Beauty sleep is a real thing, researchers find

Posted May 20, 2017

Researchers found that lack of sleep can make you appear less attractive to others.

The eye-opening study was conducted by the Karolinska Institute, which asked 25 university students to take part. During the following week, they were then asked to limit themselves to only four hours sleep per night for two consecutive days. They were then required to answer the question, 'How much would you like to socialise with this person in the picture?'

In addition, they also deemed the poorly rested subjects to be less attractive, less healthy and more sleepy compared to when they were well rested. "An unhealthy-looking face, whether due to sleep deprivation or otherwise, might activate disease-avoiding mechanisms in others". Not only that, but when people were exhausted, they were rated as less attractive and less healthy than when they were well rested.

The effect of sleep deprivation on other people's desire to socialize with that person was small, but still significant, according to the study's authors. On average, the students slept a total of seven hours less over the two restricted-sleep sessions. Researchers also asked, "How much would you like to socialize with this person in the picture?"

As IFL Science put it, "basically, when you see someone who looks sick, the last thing you want to do is hang out with them". "Most people can cope just fine if they miss out on a bit of sleep now and again".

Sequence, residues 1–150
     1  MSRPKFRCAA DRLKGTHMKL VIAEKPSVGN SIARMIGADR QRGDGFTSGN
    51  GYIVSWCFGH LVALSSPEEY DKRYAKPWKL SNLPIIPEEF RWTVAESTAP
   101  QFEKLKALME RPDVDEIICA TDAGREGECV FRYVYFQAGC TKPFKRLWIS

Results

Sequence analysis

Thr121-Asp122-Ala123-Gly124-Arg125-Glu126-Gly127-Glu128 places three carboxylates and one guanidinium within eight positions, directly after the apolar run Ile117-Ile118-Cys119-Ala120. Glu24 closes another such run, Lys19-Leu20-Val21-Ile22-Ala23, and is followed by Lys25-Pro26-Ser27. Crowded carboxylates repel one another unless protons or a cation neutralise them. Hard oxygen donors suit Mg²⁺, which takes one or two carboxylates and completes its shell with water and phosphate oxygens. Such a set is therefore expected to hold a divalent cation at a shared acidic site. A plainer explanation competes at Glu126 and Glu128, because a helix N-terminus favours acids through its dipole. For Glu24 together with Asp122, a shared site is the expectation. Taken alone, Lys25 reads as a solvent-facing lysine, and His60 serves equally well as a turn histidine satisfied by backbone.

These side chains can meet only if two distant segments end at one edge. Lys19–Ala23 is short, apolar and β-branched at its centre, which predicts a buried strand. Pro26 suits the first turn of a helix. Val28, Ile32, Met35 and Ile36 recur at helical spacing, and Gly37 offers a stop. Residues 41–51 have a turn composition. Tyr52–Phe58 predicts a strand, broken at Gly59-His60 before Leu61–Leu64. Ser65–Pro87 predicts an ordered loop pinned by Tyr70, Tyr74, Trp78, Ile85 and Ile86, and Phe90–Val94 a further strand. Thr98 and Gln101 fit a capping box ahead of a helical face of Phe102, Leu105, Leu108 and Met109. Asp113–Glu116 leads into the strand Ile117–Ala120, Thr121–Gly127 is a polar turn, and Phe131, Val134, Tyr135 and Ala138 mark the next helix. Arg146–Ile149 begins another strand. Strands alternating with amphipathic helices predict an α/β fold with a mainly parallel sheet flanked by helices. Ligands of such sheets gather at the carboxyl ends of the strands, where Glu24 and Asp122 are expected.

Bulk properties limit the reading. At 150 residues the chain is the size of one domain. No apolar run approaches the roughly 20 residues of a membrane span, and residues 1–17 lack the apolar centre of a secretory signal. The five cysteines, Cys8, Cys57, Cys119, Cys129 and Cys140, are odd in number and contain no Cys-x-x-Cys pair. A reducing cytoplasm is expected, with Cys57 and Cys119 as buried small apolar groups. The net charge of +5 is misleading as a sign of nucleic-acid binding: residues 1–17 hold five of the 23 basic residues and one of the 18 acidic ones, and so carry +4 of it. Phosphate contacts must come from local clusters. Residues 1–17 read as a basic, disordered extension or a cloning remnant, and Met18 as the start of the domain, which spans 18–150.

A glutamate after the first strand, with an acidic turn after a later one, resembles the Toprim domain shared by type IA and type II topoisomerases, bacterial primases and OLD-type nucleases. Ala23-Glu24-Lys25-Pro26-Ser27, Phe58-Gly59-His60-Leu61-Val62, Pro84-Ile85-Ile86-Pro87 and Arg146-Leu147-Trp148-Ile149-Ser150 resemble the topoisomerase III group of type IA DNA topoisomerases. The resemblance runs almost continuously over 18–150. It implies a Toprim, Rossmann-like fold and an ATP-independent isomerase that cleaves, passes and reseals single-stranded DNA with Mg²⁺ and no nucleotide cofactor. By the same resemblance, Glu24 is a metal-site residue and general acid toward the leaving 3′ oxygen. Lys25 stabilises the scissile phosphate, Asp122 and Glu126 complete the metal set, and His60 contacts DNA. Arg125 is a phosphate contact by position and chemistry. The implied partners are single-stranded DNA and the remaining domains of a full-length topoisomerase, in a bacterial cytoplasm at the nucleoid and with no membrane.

Whilst there was no difference in perceived trustworthiness, the study suggested that "naturalistic sleep loss can be detected in a face and that people are less inclined to interact with a sleep-deprived individual".

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As a result, they were less attractive to potential partners and less likely to be chosen by friends and colleagues to socialise with.

If the person looked exhausted, they were marked less on attractiveness.

"If someone looks exhausted, they look less interested in being with you and as if they would rather be asleep or alone", he said.

"This study is a good reminder of how important sleep is to us", Dr Gayle Brewer, a psychologist at the University of Liverpool told BBC News.

It's good to know you've got options if you've had a few rough nights, but Sundelin still encourages you to prioritize getting more sleep.

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